Jebus! Here’s the Roll of Shame: six writers who took a misguided stand against Charlie Hebdo, apparently not understanding what the magazine was all about:
What did they do? According to an article in yesterday’s New York Times, these writers “[withdrew] as literary hosts at the group’s annual gala on May 5, adding a new twist to the continuing debate over the publication’s status as a martyr for free speech.” At that gala, the magazine will receive the 2015 PEN/Toni and James C. Goodale Freedom of Expression Courage Award, an award that apparently hurt the tender feelings of those six. Other writers, like Deborah Eisenberg, didn’t withdraw but also criticized Charlie Hebdo for “denigrating portrayals of Muslims.” Sorry, but the magazine published denigrating portrayals of Islamic belief, which Eisenberg simply gets wrong, mistaking criticism of a faith—or of bad behavior of its adherents—with hatred of people.
Here are their reasons for not showing up:
In an email to PEN’s leadership on Friday, Ms. Kushner said she was withdrawing out of discomfort with what she called the magazine’s “cultural intolerance” and promotion of “a kind of forced secular view,” opinions echoed by other writers who pulled out.
Mr. Carey, in an email interview yesterday, said the award stepped beyond the group’s traditional role of protecting freedom of expression against government oppression.
“A hideous crime was committed, but was it a freedom-of-speech issue for PEN America to be self-righteous about?” he wrote.
He added, “All this is complicated by PEN’s seeming blindness to the cultural arrogance of the French nation, which does not recognize its moral obligation to a large and disempowered segment of their population.”
. . . In an essay for The New Yorker’s website after the attack, Mr. Cole noted that the magazine claimed to offend all parties, but in fact in recent years “has gone specifically for racist and Islamophobic provocations.” (Mr. Cole declined to comment for this article.)
Seriously, “racist and Islamophobic provocations”? The word “provocation” clearly implies that the magazine is somehow responsible for what happened to its employees. And as for “racism,” well, Muslims are not a race but a religion. And I wonder if Cole would have written his essay had Charlie Hebdo made fun only of Catholicism and Christianity rather than Islam. Where’s the criticism of “Catholicphobia”? Chalk one up for New Yorker’s “let’s-not-offend-anyone-except-Republicans” attitude.
All of this, I think, rests on a deep misunderstanding of the magazine’s aims, which were to satirize Islam (along with every other religion), but also to stand up for the rights of minorities and immigrants in France, regularly mocking the French Right. Combine that with the hyprocritical Leftist double-standard of coddling Islam because it’s a “minority group” comprising people of color, and you get this kind of stupid behavior.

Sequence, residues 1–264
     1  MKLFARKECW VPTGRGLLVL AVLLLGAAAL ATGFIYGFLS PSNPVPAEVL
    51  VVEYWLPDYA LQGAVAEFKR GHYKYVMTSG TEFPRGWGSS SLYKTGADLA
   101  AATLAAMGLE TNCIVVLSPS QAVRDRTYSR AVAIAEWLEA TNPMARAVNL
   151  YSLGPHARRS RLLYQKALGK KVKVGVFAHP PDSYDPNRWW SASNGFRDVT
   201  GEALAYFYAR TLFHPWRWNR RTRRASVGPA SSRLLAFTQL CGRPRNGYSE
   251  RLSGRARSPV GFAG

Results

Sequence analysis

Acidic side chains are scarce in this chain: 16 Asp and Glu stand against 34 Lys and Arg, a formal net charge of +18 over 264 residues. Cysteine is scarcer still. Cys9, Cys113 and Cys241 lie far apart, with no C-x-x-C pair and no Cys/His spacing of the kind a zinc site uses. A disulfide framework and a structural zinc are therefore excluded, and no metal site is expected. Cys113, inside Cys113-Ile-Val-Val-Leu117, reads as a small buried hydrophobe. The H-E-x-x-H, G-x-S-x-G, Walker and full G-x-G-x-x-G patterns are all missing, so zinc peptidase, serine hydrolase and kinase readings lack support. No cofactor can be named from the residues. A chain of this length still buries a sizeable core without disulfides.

Andrew Solomon, the president of PEN International, was also surprised, saying this: “We all knew this was in some ways a controversial choice,” he said. “But I didn’t feel this issue was certain to generate these particular concerns from these particular authors.”
Garry Trudeau, whom I no longer admire, also belongs on this list after excoriating Charlie Hebdo for hate speech and for “punching down.” One can almost read Trudeau’s remarks as blaming the magazine itself for the murderous attack by terrorists.
The saddest thing is that PEN International has always promoted freedom of expression. That is, in fact, one of its goals. Here’s a statement from their website (my emphasis):
International PEN, the worldwide association of writers, was founded in 1921 to promote friendship and intellectual cooperation among writers everywhere; to emphasize the role of literature in the development of mutual understanding and world culture; to fight for freedom of expression; and to act as a powerful voice on behalf of writers harassed, imprisoned, and sometimes killed for their views.
Thank Ceiling Cat that Salman Rushdie, a voice of sanity who himself continues to experience the same threats that decimated Charlie Hebdo, made a statement supporting PEN’s ideals:
. . . Salman Rushdie, a former PEN president who lived in hiding for years after a fatwa in response to his novel “The Satanic Verses,” said the issues were perfectly clear. Mr. Ondaatje and Mr. Carey were old friends of his, he said, but they are “horribly wrong.”
“If PEN as a free speech organization can’t defend and celebrate people who have been murdered for drawing pictures, then frankly the organization is not worth the name,” Mr. Rushdie said. “What I would say to both Peter and Michael and the others is, I hope nobody ever comes after them.”
PEN issued a statement extolling Charlie Hebdo but respecting the Shameful Six for their “convictions”, misguided as they were. And the PEN statement gets the aims of the magazine right:
But, based on their own statements, we believe that Charlie Hebdo‘s intent was not to ostracize or insult Muslims, but rather to reject forcefully the efforts of a small minority of radical extremists to place broad categories of speech off limits—no matter the purpose, intent, or import of the expression.
Once again we see the cognitive dissonance produced on the Left between its Enlightenment values of free expression and of desire to protect the rights of minorities. But those values never included prohibition of criticizing “minority faiths.” The attitude of those six writers, and of their running dogs, threatens to do in all Enlightenment values, values opposed by the extremists that attacked Charlie Hebdo and the many Muslims who silently support them.
As Rushdie said, the Shameful Six are simply and horribly wrong.